[EVENT] Civil Society Caucus for Climate Justice

You are currently viewing [EVENT] Civil Society Caucus for Climate Justice

The Civil Society Caucus for Climate Justice will provide a parallel people-led process for civil society, especially those unable to participate at the 27th Conference of Parties (COP) of the United Nations Framework Convention on Climate Change (UNFCCC) taking place at Sharm El-Sheikh, Egypt from 6 to 18 November, 2022. The activity intends to surface grassroots analyses of the climate crisis, its impacts and consequences to human rights and development of the most affected peoples and areas, and their key demands to decision makers at the UN climate negotiations, and conduct independent civil society actions. It also aims to develop initial strategies for conducting coordinated action and mobilization of civil society for COP28 in Dubai, UAE. The Caucus situates itself within the broader effort of the global climate justice movement to build enabling spaces for alternative articulation for common messages and action to challenge the UN climate negotiations.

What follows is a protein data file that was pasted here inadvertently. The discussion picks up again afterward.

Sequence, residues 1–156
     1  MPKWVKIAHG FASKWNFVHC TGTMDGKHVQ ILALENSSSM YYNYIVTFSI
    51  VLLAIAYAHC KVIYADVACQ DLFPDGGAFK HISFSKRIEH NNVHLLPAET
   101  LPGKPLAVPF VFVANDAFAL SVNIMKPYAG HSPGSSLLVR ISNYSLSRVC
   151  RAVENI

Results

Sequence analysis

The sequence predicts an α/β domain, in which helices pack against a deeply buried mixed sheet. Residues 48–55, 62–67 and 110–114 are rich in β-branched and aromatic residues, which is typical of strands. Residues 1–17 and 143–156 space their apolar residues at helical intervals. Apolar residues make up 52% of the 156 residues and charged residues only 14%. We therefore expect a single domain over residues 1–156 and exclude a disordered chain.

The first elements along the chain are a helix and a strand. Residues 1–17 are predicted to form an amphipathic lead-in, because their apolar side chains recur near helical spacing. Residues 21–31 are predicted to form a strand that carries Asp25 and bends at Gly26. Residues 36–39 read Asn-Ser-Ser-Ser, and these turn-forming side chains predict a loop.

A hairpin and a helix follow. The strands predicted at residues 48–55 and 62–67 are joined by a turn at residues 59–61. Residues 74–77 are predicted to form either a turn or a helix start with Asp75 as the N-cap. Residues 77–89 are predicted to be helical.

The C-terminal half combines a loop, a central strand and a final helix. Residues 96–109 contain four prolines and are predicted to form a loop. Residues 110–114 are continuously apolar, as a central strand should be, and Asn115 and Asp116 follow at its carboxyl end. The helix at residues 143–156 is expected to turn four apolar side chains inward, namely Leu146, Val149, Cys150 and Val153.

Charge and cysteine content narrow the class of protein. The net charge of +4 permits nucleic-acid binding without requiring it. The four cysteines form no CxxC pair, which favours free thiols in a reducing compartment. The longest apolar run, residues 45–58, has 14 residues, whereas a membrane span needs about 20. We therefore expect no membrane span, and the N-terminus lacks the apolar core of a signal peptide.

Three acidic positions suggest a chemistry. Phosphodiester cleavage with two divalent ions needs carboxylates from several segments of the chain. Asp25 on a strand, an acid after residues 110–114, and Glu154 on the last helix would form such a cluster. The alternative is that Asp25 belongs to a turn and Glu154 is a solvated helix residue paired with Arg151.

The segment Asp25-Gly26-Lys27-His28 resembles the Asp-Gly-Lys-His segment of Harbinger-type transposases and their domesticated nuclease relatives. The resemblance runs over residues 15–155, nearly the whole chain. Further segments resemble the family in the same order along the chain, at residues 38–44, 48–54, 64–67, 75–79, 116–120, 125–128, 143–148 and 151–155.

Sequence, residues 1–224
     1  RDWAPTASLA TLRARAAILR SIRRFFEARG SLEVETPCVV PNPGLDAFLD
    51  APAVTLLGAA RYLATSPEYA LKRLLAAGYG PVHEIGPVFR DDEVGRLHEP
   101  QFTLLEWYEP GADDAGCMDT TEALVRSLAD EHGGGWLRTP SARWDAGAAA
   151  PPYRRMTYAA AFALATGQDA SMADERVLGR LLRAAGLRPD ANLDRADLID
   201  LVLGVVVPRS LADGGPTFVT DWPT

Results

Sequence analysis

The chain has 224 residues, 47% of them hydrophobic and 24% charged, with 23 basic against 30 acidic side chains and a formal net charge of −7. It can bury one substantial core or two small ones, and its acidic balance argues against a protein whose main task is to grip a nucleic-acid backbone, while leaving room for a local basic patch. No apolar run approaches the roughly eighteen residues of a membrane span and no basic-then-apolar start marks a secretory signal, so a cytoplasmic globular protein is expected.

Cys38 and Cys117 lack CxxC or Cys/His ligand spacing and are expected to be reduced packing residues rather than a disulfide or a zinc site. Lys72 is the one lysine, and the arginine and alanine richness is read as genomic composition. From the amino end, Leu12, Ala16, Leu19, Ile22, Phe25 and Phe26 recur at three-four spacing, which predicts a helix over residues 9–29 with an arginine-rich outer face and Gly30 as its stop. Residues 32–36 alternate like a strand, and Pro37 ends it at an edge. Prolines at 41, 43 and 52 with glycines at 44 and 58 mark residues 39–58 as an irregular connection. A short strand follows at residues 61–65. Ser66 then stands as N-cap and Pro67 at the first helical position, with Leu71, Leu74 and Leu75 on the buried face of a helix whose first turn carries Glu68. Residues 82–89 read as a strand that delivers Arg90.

The Caucus will be holding three plenary sessions tackling key people’s issues and concerns in the struggle for climate justice. The sessions will be held in hybrid format.

Plenary 1: On the socio-economic situation and climate priorities of the Middle East and North Africa (MENA)

The session aims to highlight people’s socioeconomic and climate issues and struggles in the region where COP27 is currently being held. Major global policy meetings will also be held in the region next year, including COP28.

Plenary 2: COP27 Report back and ways forward

The session will discuss the relevance of key COP27 outcomes (on adaptation and mitigation, finance, loss and damage, Article 6, people’s participation and civic space) to people’s struggle for climate justice in the global South.

Plenary 3: Advancing climate justice through system change (thematic and sectoral issues)

The session will provide a multidimensional analysis of the climate crisis, from the roles of the IMF and World Bank in promoting false climate solutions to pave a corporate recovery, the interlinkages of neoliberal trade and unsustainable production and consumption systems, to concerns and issues of women, land and environmental defenders, and other marginalised sectors.